✍🏻 Professor Romance’s 4 ⭐️ Review: Kim Karr’s Wannabe Heir – Out today! ✍🏻

Overall Grade: ⭐️⭐️⭐️⭐️

To say that I’ve been waiting patiently for Kim Karr’s Wannabe Heir is an understatement. I found Kim Karr with her Men of Laguna series (if you haven’t read it, you should… hot, stubborn male heroes). From there, I indulged in her ReWined series. Then, she began writing her Royals series, and I was hooked. From Victoria and Adrien to the Prince Harry look-a-like Maximilian, I’ve been lost in her royals’ stories. Now, Wannabe Heir has landed. This is a second chance romance with a fake husband/forbidden best friend’s sister story. 

Princess Elizabeth “Liz” Taylor Laurent finds herself in a bit of a quandary. Her father has amassed a great debt due to gambling, and his solution is promising her to the dastardly Count Godfrey Hawkins. Using his wealth, he attempts to blackmail Liz into marrying him. Under duress, she tells him that she’s already married to Spencer Lexington, Prince of Darkness. Liz and Spencer share a past. He’s the one man she gave her firsts to, and she has never fully moved past him because he left her life without an explanation. Mulling her options, she finds herself gambling in a casino after the offer from the Count as a way to make back the money for her father’s debt. Also, gambling in the casino is Spencer, and he notices her immediately. In fact, we find out that Spencer has never forgotten his time with Liz. However, there are complications from their time together and keeps him at arm’s length…at least until he feels the need to save her from the Count. One of those ways is acting as her husband. Will Spencer save the day and find his HEA with Liz, or is she doomed to become the Countess Hawkins?

I wasn’t sure how to approach this review, to be honest. I think of the three Royals stories, this is my least favorite. And I hate writing that. I had been waiting for this book because I like the intertwined stories of this series of standalones, but something was missing in this story. While I swooned over the first two books, throwing myself into them emotionally, there was a disconnect with this one. I’ve been reflecting on it, and I think these might be some of the reasons:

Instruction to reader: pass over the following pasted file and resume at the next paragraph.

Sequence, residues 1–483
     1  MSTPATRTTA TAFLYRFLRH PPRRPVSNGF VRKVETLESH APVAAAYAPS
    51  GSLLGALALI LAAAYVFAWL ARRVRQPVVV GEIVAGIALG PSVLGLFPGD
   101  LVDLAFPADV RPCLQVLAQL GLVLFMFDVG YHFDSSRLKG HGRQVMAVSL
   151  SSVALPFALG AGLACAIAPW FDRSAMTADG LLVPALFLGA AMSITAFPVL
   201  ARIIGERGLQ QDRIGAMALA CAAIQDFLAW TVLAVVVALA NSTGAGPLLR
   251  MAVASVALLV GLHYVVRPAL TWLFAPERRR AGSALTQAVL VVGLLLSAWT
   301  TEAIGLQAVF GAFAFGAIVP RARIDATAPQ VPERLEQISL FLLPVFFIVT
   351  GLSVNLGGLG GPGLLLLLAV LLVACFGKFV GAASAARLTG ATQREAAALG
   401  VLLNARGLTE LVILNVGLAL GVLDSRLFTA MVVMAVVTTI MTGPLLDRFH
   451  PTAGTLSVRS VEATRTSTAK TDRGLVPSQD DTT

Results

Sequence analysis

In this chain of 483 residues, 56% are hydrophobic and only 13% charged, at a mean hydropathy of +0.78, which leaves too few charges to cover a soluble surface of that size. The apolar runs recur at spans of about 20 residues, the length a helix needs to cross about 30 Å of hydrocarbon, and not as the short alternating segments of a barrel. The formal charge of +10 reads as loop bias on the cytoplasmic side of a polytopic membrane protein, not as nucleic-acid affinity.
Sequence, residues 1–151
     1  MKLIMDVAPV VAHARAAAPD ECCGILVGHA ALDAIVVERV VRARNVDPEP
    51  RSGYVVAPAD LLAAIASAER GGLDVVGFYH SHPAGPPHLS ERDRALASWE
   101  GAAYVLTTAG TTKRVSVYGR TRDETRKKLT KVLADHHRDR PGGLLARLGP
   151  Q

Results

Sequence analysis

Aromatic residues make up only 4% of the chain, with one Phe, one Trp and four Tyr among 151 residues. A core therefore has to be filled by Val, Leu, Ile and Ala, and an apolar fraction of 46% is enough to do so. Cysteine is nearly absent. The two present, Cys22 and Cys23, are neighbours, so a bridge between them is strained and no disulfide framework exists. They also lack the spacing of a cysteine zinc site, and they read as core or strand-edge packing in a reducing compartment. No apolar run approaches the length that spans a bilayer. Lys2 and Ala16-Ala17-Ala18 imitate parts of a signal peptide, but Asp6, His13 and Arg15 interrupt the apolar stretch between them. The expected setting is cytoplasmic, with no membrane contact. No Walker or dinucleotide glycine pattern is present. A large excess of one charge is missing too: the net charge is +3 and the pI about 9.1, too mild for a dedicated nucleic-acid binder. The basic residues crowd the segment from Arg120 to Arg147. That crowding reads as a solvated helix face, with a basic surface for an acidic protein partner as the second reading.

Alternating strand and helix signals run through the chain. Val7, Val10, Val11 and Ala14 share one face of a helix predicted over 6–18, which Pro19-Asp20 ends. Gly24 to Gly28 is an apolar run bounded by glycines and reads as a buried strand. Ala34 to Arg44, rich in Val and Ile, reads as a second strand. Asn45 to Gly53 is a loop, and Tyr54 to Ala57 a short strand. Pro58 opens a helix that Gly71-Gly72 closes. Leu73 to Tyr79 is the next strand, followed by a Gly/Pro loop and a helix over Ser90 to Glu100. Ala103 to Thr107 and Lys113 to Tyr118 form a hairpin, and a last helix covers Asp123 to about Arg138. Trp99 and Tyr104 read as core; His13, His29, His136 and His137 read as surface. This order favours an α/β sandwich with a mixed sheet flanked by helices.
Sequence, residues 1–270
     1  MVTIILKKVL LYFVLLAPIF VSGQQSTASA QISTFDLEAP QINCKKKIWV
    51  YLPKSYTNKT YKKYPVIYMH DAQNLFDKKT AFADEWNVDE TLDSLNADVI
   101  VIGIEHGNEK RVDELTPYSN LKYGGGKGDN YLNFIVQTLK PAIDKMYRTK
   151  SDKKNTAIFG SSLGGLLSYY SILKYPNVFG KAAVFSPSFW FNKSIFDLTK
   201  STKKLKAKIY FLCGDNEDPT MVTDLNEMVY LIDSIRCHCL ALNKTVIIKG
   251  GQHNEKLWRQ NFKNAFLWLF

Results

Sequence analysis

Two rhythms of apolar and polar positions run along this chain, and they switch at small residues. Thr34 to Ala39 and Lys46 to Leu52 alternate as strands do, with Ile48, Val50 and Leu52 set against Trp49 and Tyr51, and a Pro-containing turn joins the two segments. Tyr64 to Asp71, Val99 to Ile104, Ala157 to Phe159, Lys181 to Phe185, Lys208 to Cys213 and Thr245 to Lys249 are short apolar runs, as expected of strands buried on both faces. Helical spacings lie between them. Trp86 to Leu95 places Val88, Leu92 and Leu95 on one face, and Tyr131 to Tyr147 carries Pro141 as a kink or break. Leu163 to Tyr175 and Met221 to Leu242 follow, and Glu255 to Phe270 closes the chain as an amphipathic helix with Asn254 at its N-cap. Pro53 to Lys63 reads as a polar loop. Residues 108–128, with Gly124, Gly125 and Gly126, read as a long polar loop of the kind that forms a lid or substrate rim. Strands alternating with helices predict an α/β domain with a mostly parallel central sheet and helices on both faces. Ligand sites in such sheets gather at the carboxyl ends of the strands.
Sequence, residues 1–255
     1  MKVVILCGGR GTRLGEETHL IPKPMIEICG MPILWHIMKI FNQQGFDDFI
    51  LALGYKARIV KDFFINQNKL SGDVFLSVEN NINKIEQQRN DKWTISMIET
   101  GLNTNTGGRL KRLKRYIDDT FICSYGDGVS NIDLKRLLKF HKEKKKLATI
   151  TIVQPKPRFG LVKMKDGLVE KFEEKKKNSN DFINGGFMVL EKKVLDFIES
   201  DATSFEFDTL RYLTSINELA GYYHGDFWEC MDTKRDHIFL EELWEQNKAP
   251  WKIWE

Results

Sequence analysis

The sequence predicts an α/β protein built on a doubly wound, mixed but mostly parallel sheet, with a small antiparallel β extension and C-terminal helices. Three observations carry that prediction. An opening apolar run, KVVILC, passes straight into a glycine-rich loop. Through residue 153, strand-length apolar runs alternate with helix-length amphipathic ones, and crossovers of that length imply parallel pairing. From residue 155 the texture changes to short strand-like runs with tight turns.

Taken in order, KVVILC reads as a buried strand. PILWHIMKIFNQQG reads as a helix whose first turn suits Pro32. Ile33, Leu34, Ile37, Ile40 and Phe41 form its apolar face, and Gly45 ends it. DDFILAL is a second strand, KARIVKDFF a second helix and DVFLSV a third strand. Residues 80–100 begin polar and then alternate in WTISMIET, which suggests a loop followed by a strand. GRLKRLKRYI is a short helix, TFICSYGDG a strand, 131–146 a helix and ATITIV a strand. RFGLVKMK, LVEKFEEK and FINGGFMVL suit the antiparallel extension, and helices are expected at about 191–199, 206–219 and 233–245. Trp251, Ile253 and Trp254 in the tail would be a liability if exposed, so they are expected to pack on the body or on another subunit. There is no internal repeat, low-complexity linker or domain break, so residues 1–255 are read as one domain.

1. The story is solid. If you love a second chance romance with a fake husband/forbidden best friend’s sister plot twist, this will fill your need. 
  2. Spencer and Liz are solid characters. I don’t know that I felt the emotional pull that I’ve felt between the first two couples in this series. I think the issue lies in the complicated networks of characters and connections. Karr provides an explanation of the different islands and people before the story begins, but there were times when I couldn’t remember or found myself confused over the various connections. This makes the story convoluted in moments.  Even more, there is a part of me that was discouraged with Spencer’s willingness to give up Liz in their youth. He blames it on “bro code” but it feels as though “bro code” ran out after his friendship with Liz’s brother, Truman, breaks his friendship with Spencer. We find out that he has been pining, to a certain extent, for Liz for a decade, yet he kept his distance. I struggled with this knowledge. If he truly loved her as he suggests, it seems as though nothing should have kept him from her, especially Truman. It seems he could have reasoned more vehemently with Truman. However, this situation is necessary for Karr’s story, so it’s important to suspend our disbelief, I suppose. 
  3. There is something about the narrative of this story. There were times when it felt like there was space between the moments. It didn’t flow like the first two books, and I was bewildered by it. Maybe it was my reading of it. Maybe I placed huge expectations on it because I had loved Washed Up Royal and Would Be King immensely. I’m not sure, but the storytelling, the linear nature of the story, felt broken in places. And I couldn’t’ understand why Spencer’s guardian/nanny from his youth kept his secret identity. It should have been divulged earlier in his life. That was confusing to me, as well. 
  4. The ending is sweet, though. It doesn’t take a genius to know that Spencer and Liz have a happy ending, and the way in which Karr presents it, it makes up for all my misgivings about parts of the story. 

Would I recommend this book? Indeed. I think this is a case of the reader wanting more when it wasn’t necessary. You will fall in love with Spencer and Liz even in their stubbornness and self-sabotage. Even though I read this as an ARC for an honest review, and I felt conflicted with certain aspects of Kim Karr’s Wannabe Heir, I couldn’t put it down. As each page passed, I felt compelled to keep going, I worried over Spencer and Liz’s plight, and I needed their reconciliation. That is probably all that is necessary to understand about Kim Karr’s book. You may think it will let you down, but, in the end, it will leave you with a cavity from its sweet ending. 

In love and romance,

Professor A


I teach students to write for college. I love to read writers who write romance. Why not review and promote the writing of people who love to write romance? Win-win for me

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